By Marty Gordon
High school football programs in our area took a hit last night and next Friday as the Auburn-Floyd game scheduled for Friday night was cancelled because of the Eagles’ lack of depth after they sustained several injuries this week, the Eastern Montgomery-North Cross game also scheduled for Friday night was scratched because of COVID-related issues, Pulaski County’s game was cancelled, and Christiansburg’s game of Sept. 17 against William Byrd was shut down after Roanoke County officials faced a rise in positive COVID cases.
Floyd did manage to pick up a replacement in Grayson County, which had its game with Rural Retreat cancelled. Pulaski County also managed to find a new opponent in James Wood.
Christiansburg Athletic Director Tim Cromer said about the Byrd cancellation, “I am sorry to say that due to COVID issues, William Byrd is being shut down by Roanoke County Public Schools.”
Overall, 14 games across Western Virginia were cancelled.
Auburn Athletic Director Paul Dominy is optimistic that his school’s rash of injuries will not be a long-term problem and will allow them to play next week.
“Numbers throughout the country have been decreasing for several years, and the COVID effect is decreasing the roster numbers throughout sports in high school,” Dominy said.
Similar small schools like Craig and Bland have literally shut down their football programs in the past two years because of the lack of numbers.
“At Auburn, we have seen our numbers as a percentage of the student body decrease over the last seven years,” Dominy said. “When our overall numbers of students were rising, this was not a problem, but now that our numbers have leveled off and begun to dip, it has created roster issues. Over the past 10 years we have watched colleges change their style of offense and defense to become more attractive to student-athletes, and we have reached a point where we see an advantage in doing the same.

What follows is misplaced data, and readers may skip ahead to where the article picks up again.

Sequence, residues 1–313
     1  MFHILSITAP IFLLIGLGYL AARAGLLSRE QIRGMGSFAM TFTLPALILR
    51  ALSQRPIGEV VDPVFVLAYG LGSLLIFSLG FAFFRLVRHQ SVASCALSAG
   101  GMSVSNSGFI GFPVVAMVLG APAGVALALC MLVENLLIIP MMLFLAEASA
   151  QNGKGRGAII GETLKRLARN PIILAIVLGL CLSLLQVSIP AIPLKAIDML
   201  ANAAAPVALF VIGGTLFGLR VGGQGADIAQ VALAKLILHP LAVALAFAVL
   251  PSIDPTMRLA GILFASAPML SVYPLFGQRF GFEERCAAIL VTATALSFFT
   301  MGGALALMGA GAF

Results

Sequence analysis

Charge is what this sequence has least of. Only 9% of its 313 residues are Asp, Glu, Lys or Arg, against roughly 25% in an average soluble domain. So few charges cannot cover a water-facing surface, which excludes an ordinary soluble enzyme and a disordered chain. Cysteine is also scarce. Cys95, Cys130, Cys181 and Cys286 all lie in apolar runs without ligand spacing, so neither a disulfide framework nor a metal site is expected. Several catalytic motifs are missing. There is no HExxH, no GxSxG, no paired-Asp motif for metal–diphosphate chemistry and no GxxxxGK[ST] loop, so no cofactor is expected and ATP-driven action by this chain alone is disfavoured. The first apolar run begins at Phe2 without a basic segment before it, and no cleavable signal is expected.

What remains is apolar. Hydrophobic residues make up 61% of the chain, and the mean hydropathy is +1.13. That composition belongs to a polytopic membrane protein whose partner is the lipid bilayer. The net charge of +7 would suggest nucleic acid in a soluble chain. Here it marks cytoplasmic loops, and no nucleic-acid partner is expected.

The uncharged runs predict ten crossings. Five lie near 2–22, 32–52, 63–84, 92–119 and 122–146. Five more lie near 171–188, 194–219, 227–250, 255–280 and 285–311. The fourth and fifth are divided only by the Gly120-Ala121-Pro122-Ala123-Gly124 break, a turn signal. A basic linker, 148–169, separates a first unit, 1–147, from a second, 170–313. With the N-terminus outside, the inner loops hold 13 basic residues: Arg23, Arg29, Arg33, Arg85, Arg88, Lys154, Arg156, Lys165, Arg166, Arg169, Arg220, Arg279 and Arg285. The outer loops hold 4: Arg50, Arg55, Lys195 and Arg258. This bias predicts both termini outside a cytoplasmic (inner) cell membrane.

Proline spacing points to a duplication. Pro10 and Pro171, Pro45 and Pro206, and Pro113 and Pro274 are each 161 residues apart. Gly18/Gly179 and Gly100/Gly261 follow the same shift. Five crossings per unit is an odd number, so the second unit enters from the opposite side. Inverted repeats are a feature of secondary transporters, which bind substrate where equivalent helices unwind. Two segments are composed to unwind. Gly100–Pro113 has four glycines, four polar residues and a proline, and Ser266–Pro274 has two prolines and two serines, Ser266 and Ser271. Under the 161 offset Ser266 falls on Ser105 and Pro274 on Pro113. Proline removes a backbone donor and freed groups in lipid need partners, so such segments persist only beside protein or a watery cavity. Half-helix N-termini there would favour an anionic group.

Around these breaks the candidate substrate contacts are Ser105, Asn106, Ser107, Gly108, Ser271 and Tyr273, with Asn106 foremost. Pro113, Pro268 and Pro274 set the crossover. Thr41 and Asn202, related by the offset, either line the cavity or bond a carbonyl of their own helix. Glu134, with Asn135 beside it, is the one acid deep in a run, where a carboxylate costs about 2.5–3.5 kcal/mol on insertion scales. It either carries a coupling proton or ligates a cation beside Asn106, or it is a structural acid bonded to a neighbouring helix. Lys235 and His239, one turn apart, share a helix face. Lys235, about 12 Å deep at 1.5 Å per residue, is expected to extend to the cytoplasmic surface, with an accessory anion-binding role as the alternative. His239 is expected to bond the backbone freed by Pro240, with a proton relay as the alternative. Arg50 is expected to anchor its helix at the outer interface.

“We believe that the changes we have made are movements in the right direction and fully expect to be moving in a better direction once David Seabaugh has had a chance to fully implement his offense and defense,” the Eagle athletic director said.
Dominy remained optimistic about the school’s football future. “Auburn expects to have a bright future on the football field,” he said. “With our new coach and innovative offense, we believe that what we have to offer our student-athletes is more attractive than ever before. We are largely behind on roster numbers due to diminishing numbers over the last few years and the July departure of our last head coach.”